Amid trade talks, MPs visit Colombia’s refugees
12 May 2008
A group of Canadian MPs travelled to Colombia Monday to get a first-hand look at one of the hemisphere’s most volatile countries before Ottawa finalizes a free trade deal with its government.
The dozen members of the parliamentary committee on international trade are in Colombia for the next three days to discuss the controversial trade negotiations with the South American country, which has faced international criticism for its human rights record and its handling of the plight of internally displaced refugees, known in Colombia by the Spanish term desplazados.
Amid heavy security, the MPs spent the morning at a shantytown in Los Altos de Cazuca, on the high hills circling the capital, Bogota.
The group travelled in a security convoy escorted by sharpshooters and bomb experts. Armed federal police were on guard at the United Nations office in the hilltop town when the MPs arrived.
Liberal trade critic Navdeep Singh Bains said the group was warned against travelling too far from the capital.
"The security situation in Bogota has improved drastically over the past few years, but as you leave the city, especially in the rural ridings, it’s very challenging.... We’ve been told not to travel there," Bains told CBC News.
"We have select spots we are going to with the tremendous amount of security that will be escorting us. So that speaks volumes."
40-year civil war
Most of the shantytown residents moved to the site after being forced from their homes during Colombia’s brutal 40-year civil war, which has pitted the government against leftist guerillas and right-wing paramilitaries, both funded by the drug trade.
More than a million Colombians are considered refugees in their own country, according to the United Nations High Commission for Refugees. Colombia ranks second behind Sudan in the number of internally displaced refugees, the agency said.
During the MPs’ visit, UN workers and local government officials told the group what a daunting job they have trying to feed, house and educate hundreds of thousands of mostly rural peasants now living in the shantytown.
Matthew Brook, a Canadian who works for the UN refugee agency in Los Altos de Cazuca, told the MPs that Canada gave $3 million to the agency’s Colombia mission this year. Most of the aid goes to benefiting children.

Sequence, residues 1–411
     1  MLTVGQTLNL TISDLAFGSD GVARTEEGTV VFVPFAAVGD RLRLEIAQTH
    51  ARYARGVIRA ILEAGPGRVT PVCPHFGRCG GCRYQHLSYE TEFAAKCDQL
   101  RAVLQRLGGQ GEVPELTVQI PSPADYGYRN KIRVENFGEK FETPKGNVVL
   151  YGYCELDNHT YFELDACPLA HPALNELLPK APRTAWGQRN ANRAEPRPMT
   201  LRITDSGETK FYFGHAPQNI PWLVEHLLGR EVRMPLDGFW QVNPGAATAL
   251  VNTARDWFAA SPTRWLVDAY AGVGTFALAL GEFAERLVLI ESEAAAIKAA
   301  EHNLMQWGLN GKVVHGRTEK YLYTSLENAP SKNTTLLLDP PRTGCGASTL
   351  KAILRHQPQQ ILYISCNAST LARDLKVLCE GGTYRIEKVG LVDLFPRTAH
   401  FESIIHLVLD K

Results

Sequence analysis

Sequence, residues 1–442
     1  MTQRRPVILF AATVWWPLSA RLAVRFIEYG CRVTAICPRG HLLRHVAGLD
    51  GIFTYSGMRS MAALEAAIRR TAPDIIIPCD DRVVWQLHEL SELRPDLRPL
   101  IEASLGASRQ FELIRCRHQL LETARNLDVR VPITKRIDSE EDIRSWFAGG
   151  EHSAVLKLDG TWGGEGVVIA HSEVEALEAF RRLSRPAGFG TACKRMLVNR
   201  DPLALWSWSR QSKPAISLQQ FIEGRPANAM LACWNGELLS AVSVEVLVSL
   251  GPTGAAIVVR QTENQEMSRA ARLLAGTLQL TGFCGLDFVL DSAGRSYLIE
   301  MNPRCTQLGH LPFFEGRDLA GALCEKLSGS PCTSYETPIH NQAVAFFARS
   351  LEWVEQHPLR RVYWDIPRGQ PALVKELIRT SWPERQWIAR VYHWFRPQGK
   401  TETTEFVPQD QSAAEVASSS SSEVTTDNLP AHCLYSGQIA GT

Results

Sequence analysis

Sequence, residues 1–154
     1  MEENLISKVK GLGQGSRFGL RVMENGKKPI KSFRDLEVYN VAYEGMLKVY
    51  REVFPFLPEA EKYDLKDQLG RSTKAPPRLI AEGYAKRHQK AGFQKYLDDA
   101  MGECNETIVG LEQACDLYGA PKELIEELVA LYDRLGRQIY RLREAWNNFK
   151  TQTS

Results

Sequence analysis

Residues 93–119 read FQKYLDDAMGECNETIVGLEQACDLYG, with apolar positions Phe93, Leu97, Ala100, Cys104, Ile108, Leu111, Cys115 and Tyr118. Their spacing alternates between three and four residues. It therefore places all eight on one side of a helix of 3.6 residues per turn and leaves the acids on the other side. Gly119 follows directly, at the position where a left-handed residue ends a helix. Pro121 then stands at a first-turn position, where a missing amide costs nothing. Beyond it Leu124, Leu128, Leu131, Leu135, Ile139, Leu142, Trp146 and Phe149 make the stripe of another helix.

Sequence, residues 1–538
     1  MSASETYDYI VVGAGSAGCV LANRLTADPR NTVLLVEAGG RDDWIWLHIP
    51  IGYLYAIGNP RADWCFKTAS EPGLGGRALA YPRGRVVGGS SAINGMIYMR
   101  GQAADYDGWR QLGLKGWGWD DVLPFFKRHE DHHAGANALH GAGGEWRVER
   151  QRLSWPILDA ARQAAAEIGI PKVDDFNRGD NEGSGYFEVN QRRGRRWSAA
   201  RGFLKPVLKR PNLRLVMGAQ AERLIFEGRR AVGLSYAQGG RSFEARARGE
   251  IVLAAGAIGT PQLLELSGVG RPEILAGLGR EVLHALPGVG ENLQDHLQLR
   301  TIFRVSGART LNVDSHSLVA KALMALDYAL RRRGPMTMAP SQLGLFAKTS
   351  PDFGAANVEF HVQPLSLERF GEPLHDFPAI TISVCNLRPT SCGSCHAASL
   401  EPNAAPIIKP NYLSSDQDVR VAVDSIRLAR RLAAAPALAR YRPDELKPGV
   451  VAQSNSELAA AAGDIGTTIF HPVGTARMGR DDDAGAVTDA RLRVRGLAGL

"We really appreciate your visit here as members of Parliament, showing the commitment of Canada to Colombia and to the United Nations system," he said.
Outside the meeting, women filled every container they could muster with water, which had just arrived by truck for the first time in a month.
"If we could ask these Canadian politicians for anything, we would ask them to build us a water pipeline," said resident Ruth Parevelo, as she and her neighbour filled containers.
Rights record under fire
Conservative MP Lee Richardson asked local officials Monday whether a free trade deal will help the situation of the residents, the CBC’s Connie Watson reported. They said investment would be welcome, especially in roads, schools and jobs for the displaced people - 40 per cent of whom can’t find work in the city.
In a recent interview, Trade Minister David Emerson said he is "cautiously optimistic" a trade agreement with Colombia can be reached by September.
Proponents of a trade deal between Ottawa and Bogota contend it will improve democracy and human rights in Colombia, as well as bring economic prosperity its citizens. But critics say Ottawa should halt bilateral trade negotiations with President Alvaro Uribe’s government over Colombia’s record of widespread human rights abuses.
Those against a trade deal cite as reasons the frequent violence and threats against journalists, human rights activists and indigenous peoples, as well as the high number of killings of labour organizers. Human Rights Watch says more than 400 trade unionists have been killed during the six years Uribe has been in power, with few of the perpetrators ever being brought before a court on charges.
A similar proposed trade deal between the United States and Colombia lauded by U.S. President George W. Bush is currently stalled in Washington over concerns the deal wouldn’t improve the country’s human rights situation.
With files from Connie Watson